Follow a clap pattern

Discrimination Sound Game make a sound and see if the child can work out if it is:

  • Near or Far
  • Soft or Loud
  • High or Low

Visual Sensory Learning Activities

Drop & watch bouncy balls

Colour mixing

Washing up liquid and food colouring experiment

Light in a tupperware container sensory learning idea.
Light in a tupperware container sensory learning idea.

Torch/Light Activities:

  • Shadow Puppet Play
  • Make numbers with your fingers
  • Guess animals from silhouette
  • Tray and guess shapes from silhouette
  • Guess book characters from silhouette (Gruffalo etc)
  • Put into tupperware and retrieve/Watch
  • Create a light table.
Create a home made light table free sensory home learning

Find items of interest in a picture/Find self in pictures

Sensory bottles

Sort boxes shape/size

Pile and knock down boxes/tower building

Pull colourful fabric slowly from a bag

Taste and Mouth Sensory Learning Activities

Blowing:

  • Bubbles
  • Boats with straws
  • Cotton Balls
  • Maltesers
  • Paint
  • Feathers
  • Ball Maze
  • Whistles
  • Sequins
  • Glitter
  • Confetti

Food Fun:

This can help with limited diets and support food chaining.

  • Crunchy/Chewy Items – Alternate
  • Smooth, rough foods (smooth and crunchy peanut butter)
  • Milkshakes
  • Frozen Fruits
  • Drink through a straw
  • Cut vegetables into strips
  • Smoothies – blend and taste
  • Ask questions like, “Which food here tastes salty? Which ones are sweet?
  • Colour cubes (cut food into cubes and sort by colour i.e cucumbers, apples.)
  • Mashing foods, ripe pears, potatoes, grapes
Making milkshakes accessible sensory play

Tactile Sensory Learning Activities

This can include essential hygiene routines such as hand washing etc. Here are more tactile sensory learning ideas that use your outdoor areas.

Sensory Ball Games:

  • Squeeze
  • Throw/roll into bucket
  • Different textured balls – Wrap in paper, cling film, tin foil
  • Roll from head to toe and back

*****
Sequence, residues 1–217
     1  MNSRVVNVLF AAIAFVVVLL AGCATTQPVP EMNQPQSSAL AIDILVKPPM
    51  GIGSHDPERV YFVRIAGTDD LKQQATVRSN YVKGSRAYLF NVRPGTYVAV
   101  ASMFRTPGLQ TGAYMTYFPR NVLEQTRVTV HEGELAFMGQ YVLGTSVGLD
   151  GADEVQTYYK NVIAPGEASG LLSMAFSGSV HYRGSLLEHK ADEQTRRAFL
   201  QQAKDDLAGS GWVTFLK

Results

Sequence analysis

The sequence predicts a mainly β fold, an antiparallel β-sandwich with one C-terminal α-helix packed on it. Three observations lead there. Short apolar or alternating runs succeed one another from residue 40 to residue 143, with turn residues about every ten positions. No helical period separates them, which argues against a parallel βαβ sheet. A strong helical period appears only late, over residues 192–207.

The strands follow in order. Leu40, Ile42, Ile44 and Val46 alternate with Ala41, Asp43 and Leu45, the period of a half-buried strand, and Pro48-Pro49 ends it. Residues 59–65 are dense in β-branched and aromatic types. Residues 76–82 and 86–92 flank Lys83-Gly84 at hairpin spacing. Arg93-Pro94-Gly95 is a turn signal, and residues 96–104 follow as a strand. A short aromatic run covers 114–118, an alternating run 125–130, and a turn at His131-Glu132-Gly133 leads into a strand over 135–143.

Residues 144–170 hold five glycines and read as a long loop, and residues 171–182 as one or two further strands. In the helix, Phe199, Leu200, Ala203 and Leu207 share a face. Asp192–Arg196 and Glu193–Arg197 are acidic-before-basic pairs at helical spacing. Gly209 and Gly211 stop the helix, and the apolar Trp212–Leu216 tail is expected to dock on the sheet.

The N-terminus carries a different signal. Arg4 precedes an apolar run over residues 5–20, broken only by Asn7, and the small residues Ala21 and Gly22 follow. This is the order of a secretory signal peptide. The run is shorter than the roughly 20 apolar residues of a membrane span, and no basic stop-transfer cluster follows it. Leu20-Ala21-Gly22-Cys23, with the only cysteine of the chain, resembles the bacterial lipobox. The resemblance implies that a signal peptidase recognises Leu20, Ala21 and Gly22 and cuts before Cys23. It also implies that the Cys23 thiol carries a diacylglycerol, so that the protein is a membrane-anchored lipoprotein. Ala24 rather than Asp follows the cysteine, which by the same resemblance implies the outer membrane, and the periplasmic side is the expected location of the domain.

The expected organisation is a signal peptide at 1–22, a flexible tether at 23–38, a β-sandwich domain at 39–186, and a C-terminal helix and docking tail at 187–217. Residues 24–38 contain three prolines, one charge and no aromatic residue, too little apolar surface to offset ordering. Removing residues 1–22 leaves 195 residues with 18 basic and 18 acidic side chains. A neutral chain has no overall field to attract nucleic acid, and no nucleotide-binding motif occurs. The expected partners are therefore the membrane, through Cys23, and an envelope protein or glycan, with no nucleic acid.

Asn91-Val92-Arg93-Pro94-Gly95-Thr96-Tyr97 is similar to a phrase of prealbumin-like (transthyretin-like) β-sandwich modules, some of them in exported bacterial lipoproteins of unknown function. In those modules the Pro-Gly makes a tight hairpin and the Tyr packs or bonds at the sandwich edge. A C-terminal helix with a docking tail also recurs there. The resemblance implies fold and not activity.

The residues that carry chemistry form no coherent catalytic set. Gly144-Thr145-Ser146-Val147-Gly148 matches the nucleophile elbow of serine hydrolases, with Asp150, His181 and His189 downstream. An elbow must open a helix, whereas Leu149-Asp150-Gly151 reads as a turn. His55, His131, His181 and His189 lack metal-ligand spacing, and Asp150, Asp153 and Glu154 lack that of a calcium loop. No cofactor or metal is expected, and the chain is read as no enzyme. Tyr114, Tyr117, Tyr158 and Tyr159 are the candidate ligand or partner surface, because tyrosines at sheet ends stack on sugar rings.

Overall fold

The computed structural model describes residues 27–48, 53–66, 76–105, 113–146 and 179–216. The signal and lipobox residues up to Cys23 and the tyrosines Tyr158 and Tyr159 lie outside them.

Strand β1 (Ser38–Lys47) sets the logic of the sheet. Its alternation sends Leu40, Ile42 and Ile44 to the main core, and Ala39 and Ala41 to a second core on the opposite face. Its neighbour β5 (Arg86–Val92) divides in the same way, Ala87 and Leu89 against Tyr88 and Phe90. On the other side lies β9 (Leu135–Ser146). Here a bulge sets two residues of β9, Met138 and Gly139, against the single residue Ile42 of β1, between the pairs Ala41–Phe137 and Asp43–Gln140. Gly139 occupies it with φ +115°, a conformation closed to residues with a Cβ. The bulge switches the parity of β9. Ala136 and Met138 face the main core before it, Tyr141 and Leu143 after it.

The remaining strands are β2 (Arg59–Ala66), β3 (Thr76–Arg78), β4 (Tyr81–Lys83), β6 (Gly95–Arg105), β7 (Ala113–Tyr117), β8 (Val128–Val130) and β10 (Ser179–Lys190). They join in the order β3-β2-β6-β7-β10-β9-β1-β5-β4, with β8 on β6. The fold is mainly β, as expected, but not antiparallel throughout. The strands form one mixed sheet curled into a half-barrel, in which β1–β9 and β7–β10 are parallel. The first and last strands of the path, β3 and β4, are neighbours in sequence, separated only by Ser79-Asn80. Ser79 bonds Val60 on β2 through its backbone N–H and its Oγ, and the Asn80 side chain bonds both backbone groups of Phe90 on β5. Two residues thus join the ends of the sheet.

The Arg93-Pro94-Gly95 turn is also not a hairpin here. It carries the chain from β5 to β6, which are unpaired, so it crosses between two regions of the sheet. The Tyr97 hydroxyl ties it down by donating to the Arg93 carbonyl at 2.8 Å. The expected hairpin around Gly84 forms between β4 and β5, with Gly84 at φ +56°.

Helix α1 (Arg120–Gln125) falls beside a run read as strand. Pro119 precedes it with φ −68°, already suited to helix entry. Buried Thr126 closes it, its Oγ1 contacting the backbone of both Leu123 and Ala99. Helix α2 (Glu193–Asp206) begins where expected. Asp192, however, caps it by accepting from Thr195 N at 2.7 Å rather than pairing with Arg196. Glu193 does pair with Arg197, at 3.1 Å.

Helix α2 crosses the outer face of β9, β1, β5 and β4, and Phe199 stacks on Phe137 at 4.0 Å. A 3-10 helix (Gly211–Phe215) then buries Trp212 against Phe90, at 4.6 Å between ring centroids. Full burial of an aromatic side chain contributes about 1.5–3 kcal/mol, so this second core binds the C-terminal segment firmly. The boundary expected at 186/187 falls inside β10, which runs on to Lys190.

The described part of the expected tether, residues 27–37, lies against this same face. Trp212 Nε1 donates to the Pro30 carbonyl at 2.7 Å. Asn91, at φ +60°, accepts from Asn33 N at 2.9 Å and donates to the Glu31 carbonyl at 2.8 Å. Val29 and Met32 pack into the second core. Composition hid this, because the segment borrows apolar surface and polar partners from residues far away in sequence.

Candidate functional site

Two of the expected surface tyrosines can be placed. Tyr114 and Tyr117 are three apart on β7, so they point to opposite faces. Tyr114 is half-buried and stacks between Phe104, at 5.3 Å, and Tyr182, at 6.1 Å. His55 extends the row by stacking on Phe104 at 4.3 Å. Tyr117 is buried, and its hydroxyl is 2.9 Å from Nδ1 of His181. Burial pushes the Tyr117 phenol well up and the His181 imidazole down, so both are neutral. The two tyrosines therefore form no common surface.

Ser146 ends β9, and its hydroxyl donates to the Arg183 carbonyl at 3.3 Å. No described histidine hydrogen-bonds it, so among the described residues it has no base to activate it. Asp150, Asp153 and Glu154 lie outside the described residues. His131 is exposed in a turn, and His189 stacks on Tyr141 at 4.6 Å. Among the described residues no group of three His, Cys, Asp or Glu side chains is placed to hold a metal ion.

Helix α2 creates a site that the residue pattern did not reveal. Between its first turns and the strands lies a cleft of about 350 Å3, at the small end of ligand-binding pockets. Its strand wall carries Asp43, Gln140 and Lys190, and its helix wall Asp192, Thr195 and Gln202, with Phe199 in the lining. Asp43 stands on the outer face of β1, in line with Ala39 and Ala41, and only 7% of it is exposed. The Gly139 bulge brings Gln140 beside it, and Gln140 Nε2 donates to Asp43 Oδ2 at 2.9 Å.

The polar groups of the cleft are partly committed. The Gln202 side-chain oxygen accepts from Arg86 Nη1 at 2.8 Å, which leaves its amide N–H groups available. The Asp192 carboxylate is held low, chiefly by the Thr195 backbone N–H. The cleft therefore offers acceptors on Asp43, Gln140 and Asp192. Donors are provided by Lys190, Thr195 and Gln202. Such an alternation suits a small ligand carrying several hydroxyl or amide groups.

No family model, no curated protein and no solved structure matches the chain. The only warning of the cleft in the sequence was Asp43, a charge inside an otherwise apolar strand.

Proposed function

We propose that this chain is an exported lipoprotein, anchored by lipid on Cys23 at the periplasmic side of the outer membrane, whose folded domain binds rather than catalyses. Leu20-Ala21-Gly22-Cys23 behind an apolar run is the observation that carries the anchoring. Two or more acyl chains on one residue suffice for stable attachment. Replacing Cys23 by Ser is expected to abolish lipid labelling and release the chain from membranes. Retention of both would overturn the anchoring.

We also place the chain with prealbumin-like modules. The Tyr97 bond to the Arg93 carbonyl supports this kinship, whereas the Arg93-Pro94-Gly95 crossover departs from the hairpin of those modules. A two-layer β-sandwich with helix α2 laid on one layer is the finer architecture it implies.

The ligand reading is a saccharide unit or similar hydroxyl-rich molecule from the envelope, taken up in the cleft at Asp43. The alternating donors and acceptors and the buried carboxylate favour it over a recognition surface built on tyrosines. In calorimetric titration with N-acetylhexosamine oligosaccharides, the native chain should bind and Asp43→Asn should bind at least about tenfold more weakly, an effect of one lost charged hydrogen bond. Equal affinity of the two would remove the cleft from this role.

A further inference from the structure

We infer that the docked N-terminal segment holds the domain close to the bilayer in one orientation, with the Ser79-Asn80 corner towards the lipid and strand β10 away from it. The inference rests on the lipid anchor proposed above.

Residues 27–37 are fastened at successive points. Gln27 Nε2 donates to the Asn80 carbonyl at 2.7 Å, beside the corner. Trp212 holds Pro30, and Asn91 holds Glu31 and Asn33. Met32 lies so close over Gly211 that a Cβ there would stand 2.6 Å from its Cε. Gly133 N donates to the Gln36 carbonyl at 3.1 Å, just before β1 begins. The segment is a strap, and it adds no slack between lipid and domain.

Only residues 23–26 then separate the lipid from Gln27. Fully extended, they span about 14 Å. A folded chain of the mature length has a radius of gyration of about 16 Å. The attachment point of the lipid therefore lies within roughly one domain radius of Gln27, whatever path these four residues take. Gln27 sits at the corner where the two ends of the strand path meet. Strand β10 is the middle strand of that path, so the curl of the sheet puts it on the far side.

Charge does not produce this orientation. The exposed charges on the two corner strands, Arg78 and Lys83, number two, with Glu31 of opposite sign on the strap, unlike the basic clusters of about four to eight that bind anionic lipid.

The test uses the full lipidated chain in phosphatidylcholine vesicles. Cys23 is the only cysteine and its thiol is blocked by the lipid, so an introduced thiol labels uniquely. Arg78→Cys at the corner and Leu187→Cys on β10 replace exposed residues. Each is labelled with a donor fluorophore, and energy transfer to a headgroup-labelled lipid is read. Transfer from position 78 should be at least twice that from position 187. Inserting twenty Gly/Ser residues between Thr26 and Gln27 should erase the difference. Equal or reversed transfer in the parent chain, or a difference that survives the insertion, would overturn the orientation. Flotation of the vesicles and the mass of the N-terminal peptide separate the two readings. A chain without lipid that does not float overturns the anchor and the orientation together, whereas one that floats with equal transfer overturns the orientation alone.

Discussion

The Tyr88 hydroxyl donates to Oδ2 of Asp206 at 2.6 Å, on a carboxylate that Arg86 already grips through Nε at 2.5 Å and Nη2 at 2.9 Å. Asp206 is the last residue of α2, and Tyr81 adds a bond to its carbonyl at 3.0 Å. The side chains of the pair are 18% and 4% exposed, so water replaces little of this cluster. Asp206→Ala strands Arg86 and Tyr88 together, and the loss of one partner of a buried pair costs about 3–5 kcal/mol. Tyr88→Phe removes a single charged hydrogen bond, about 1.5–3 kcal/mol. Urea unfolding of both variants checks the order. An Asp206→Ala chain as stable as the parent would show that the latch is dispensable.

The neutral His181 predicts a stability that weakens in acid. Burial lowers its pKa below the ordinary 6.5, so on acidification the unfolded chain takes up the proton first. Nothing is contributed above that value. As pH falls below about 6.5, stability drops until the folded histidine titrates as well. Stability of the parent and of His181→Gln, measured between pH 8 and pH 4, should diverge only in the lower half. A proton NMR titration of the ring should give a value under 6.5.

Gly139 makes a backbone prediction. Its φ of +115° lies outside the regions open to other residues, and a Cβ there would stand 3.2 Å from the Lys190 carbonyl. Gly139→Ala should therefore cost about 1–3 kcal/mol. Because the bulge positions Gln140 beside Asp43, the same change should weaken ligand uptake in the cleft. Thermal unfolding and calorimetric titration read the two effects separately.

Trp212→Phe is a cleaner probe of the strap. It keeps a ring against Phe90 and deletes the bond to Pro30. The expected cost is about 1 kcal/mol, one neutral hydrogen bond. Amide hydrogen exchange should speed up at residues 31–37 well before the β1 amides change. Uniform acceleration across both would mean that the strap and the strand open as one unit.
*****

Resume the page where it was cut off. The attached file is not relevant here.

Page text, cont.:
• Bounce
  • Roll in playdough to make patterns
  • Splat into paint and roll/throw onto paper

Touch and Texture Sensory Learning Ideas

Put objects in a box and feel/guess

Sandpaper shape cut-outs

Tearing paper (either to glue onto something or just to tear up)

Crumpling newspaper

Sponges- Get out bowls and a sponge to transfer water from one bowl to the other.

Play-dough

Bubble wrap popping

Tin foil sculpting or squishing

Salt painting

Shaving foam art

Sand art – glue and sand and glitter

Fizzy water play (bath bombs)

Water play – using bottles, sprays and tubes.

Stress balls

Goop/slime manipulation

Earth, sand and water trays – Classic “We’re going on a bear hunt” sensory activity

Hay play – hide items in hay or straw (allergies allowing)

Slime and goop sensory home learning play free

Fine Motor Sensory Learning Activities

AAC games – Especially Shark Bite!

Use rubber gloves to make dots

Cotton buds to make dots

Use a stick to trace letters/mark making

Cutting with scissors paper, straws

Ten Tweezer games

Ice Excavations (freeze objects in ice)

Retrieve items from shaving foam

Hole punch coloured paper then use to blow/for art

Trace numbers in sand

Use a pipette to drop liquid watercolours/food colouring onto toilet paper

Clothespin Number Match

Use clothes pegs and sort by colour to a “line” of wool

Core Strength Activities

Circuit Training

  • Sit ups
  • squats
  • crunches
  • Bicycle kicks
  • Plank
  • Stand on one leg
  • Hop, skip, jump

Cosmic yoga

Body Awareness Sensory Activities

Sensory Ball throw/roll

Which hand is hiding the object?

Obstacle Course

Head, Shoulders, Knees and Toes

Self-Regulation Sensory Ideas For Anxious Children

Breathing activities for anxiety. Find other self-regulation home learning ideas here.

  • Blow out the candle
  • Blow the windmill
  • Smelling a flower
  • Open a window
  • What can you smell game
  • Blow up a balloon

Make faces in the mirror

  • Monkey
  • Monster
  • Martian
  • Tense all face muscles
  • Relax all face muscles

Count backwards

Count to 5 with a deep breath

Put beans/dried peas/rice in a balloon

Fiddle toys

Follow simple lego instructions

Make a Calm Down Jar

Create a Daisy chain or flower Bouquet

Blow up balloons

Guess the smell:

  • Spices (mix with water to avoid sneezing)
  • Fruit
  • Vegetables

Scavenger Hunts

garden scavenger hunt sensory play learning activities eyfs SEND

A sensory garden is great for embedding sensory learning ideas. The suggestions below should be findable in any garden.

Garden:

  • Snails
  • Grass
  • Leaves
  • Long Stick
  • Short Stick
  • Thick Stick
  • Thin Stick
  • Shiny Stone
  • A flower

Kitchen:

  • Big Spoon
  • Little spoon
  • Fork
  • A frying pan
  • A saucepan
150 Sensory Learning Activities for EYFS

References and Further Reading About Sensory Learning

Shams, L., & Seitz, A. R. (2008). Benefits of multisensory learningTrends in cognitive sciences12(11), 411–417. https://doi.org/10.1016/j.tics.2008.07.006

We would love to hear your suggestions for simple free sensory learning ideas and activities that you have used. If you have a site that has a demo or resources linked to these ideas let me know and I will add a link to it.